Under the invention, there are many different suitable polymeric materials including high performance thermoplastic materials and thermosetting materials that may be employed in the filament 510 for covering the roll core outer surface 322. Example thermoplastic materials that are particularly suitable are polyetherimide or polyethersulfone, polyphenylene sulfide, polyphenylene oxide, or polyetheretherketone. There are a number of advantages to utilizing a high performance or engineering thermoplastic material as the filament 510 as opposed to thermosetting materials, such as a fibrous carrier soaked in an epoxy resin, which is utilized under the prior art. Most importantly, a filament 510 comprised of a high performance thermoplastic material results in significantly higher performance characteristics, e.g., higher tensile strength, a more suitable Young's modulus (modulus of elasticity), higher temperature resistance, lower surface roughness, greater durability, and longer lifespan. Other viscous thermoset materials such as polyurethane and epoxy may be applied to a metal roll core in accordance with the method and utilizing the apparatus of the present invention.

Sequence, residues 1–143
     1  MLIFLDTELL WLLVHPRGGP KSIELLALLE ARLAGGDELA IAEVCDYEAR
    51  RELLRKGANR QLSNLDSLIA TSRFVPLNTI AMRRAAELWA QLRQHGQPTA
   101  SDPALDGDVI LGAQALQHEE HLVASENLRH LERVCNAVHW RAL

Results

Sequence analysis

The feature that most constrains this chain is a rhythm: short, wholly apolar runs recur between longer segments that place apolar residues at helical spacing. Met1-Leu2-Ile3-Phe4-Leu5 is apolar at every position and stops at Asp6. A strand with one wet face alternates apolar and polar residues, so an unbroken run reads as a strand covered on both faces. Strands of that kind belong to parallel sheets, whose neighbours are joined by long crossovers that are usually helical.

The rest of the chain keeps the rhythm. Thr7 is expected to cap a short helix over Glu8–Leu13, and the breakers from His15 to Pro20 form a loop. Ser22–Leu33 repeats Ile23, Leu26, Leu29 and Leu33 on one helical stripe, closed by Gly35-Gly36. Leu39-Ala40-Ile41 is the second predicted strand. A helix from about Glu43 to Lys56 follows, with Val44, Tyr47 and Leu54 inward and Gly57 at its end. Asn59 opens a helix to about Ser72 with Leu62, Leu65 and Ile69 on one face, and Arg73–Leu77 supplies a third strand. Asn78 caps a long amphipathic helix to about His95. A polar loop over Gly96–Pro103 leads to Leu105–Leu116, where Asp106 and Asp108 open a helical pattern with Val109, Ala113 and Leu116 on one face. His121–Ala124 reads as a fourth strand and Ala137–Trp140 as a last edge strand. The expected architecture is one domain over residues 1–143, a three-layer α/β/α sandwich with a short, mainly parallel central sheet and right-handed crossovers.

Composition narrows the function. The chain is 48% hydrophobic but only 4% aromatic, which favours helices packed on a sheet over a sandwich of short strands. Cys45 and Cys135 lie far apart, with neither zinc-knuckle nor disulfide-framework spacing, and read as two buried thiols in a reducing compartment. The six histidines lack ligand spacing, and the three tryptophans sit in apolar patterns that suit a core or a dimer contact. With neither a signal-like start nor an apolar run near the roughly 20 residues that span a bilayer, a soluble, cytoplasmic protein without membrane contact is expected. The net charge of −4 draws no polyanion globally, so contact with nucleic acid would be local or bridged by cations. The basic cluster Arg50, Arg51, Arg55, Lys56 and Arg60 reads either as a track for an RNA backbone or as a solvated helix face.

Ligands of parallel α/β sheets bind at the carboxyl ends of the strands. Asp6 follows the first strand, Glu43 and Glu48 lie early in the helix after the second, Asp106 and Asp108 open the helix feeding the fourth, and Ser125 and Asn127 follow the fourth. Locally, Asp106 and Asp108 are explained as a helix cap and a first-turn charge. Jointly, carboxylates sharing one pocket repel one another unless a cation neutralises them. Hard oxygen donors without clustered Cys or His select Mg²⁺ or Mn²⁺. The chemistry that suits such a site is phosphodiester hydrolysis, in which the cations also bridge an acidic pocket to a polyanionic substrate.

Referring again to FIGS. 2 and 4, at this juncture it is important to mention that each of the devices mounted to the rotatable turntable 400 requires electrical power to operate. As best shown FIG. 2, electrical power for the turntable-mounted devices is provided from an outside source through cables 480 which are in communication with a plurality of conductive brushes 485 which are in electrical contact with a plurality of concentrically mounted slip rings 490 disposed on the underside of the turntable 400 (also shown in FIG. 4). In this manner, electricity is conducted from the slip rings up through the turntable 400 to provide electrical power to the devices mounted thereon. In the same manner, a non-rotational automatic control computer is also in communication with the turntable mounted devices through additional slip rings.